The NCAA has decided to lessen the impact of the scholarship reductions issued on Penn State's football team last July in the wake of the Jerry Sandusky sex abuse scandal.
The Nittany Lions will be back to 85 scholarships by 2016.
The original sanctions called for Penn State to reduce its allotment of scholarships to 65 by the start of the 2014 season, with no more than 15 going to any class until 2016. The restoration, which will take effect for the next academic year (2014-15), means the Nittany Lions will be able to allot 20 scholarships for the 2014-15 class and 25 the following year. The total number of allowed scholarships will go from 75 for 2014-15, 80 in 2015-16 and 85 in 2016-17.
In a release on its website, the NCAA said its executive committee is restoring the scholarships "due to Penn State University’s continued progress toward ensuring athletics integrity." The changes were endorsed by the Division I Board of Directors and recommended by George Mitchell, the former U.S. senator who serves as the recently appointed "Independent Athletics Integrity Monitor" for Penn State.
"While there is more work to be done, Penn State has clearly demonstrated its commitment to restoring integrity in its athletics program,” said Mitchell in a statement. “The university has substantially completed the initial implementation of all the Freeh Report recommendations and its obligations to the Athletics Integrity Agreement, so relief from the scholarship reductions is warranted and deserved.”
The other parts of the sanctions, including the $60 million fine and four-year postseason ban, will remain in effect. However, the executive committee may consider additional mitigation of the postseason ban in the future depending upon Penn State’s continued progress, said the statement.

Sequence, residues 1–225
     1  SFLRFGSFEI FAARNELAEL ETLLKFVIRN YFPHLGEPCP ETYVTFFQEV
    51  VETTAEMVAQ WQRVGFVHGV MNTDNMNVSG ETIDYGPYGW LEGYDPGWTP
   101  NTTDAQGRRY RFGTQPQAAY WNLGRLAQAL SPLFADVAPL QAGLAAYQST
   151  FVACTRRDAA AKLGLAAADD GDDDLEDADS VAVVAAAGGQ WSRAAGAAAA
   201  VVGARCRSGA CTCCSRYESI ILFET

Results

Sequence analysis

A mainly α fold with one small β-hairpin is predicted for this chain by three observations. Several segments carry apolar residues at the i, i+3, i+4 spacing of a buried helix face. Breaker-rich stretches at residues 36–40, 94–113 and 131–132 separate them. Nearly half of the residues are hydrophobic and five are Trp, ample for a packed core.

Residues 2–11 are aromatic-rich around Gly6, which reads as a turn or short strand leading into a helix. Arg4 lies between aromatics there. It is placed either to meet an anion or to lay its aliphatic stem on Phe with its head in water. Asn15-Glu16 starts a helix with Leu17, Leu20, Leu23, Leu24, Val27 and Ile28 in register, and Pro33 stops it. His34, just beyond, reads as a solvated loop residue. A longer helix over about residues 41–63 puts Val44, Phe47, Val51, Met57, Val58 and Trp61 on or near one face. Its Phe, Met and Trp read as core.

“Providing relief from the scholarship restrictions will give more student-athletes an opportunity to attend Penn State on athletics scholarship while also creating an incentive for the university to continue its progress under new leadership after President (Rodney) Erickson’s impending departure,” said Mitchell in the statement.
Statements from O'Brien, Joyner, Erickson
O'Brien: "Today's announcement by the NCAA is tremendous news. As a staff, we are especially pleased for our players, who have proven themselves to be a resilient group of young men who are able to look ahead, focus and overcome adversity. Penn State has long been known for graduating its student-athletes and providing them with a world class education. The scholarship additions will allow us to provide more student-athletes with a tremendous opportunity to earn that degree and play football for Penn State."
Erickson: "The action taken today by the NCAA, following its review of the positive report issued this month by Sen. George Mitchell, recognizes the significant efforts over the past year to make Penn State a safer, stronger institution. This news is certainly welcome to our University community, particularly the student athletes who may want to attend Penn State and will now have the means to do so. As we promised throughout this process, we are committed to continuing to improve all of our policies, procedures and actions."
Joyner: "I am very happy for Coach O'Brien, the football coaches and staff and the players; especially pleased for our current and future student-athletes, who are the most important reason why we love working in intercollegiate athletics. We will continue to work hard within the Athletics Integrity Agreement to fully comply and to achieve excellence in everything we do at Penn State."
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